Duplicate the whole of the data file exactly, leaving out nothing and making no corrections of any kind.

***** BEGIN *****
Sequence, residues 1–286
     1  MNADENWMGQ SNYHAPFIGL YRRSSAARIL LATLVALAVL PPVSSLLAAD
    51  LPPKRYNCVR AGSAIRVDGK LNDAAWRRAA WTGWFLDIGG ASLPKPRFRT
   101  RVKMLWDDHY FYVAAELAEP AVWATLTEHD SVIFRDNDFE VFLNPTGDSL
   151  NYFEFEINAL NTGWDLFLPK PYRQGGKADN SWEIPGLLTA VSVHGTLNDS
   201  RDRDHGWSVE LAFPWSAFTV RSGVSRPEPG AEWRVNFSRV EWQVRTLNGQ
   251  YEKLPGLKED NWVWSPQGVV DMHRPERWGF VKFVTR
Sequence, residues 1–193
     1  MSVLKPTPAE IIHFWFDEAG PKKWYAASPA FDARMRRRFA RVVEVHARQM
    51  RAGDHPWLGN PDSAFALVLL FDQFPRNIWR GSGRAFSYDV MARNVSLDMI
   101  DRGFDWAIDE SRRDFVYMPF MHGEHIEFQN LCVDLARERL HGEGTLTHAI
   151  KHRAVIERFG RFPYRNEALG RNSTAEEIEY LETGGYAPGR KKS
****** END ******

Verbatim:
Sequence, residues 1–286
     1  MNADENWMGQ SNYHAPFIGL YRRSSAARIL LATLVALAVL PPVSSLLAAD
    51  LPPKRYNCVR AGSAIRVDGK LNDAAWRRAA WTGWFLDIGG ASLPKPRFRT
   101  RVKMLWDDHY FYVAAELAEP AVWATLTEHD SVIFRDNDFE VFLNPTGDSL
   151  NYFEFEINAL NTGWDLFLPK PYRQGGKADN SWEIPGLLTA VSVHGTLNDS
   201  RDRDHGWSVE LAFPWSAFTV RSGVSRPEPG AEWRVNFSRV EWQVRTLNGQ
   251  YEKLPGLKED NWVWSPQGVV DMHRPERWGF VKFVTR
Sequence, residues 1–193
     1  MSVLKPTPAE IIHFWFDEAG PKKWYAASPA FDARMRRRFA RVVEVHARQM
    51  RAGDHPWLGN PDSAFALVLL FDQFPRNIWR GSGRAFSYDV MARNVSLDMI
   101  DRGFDWAIDE SRRDFVYMPF MHGEHIEFQN LCVDLARERL HGEGTLTHAI
   151  KHRAVIERFG RFPYRNEALG RNSTAEEIEY LETGGYAPGR KKS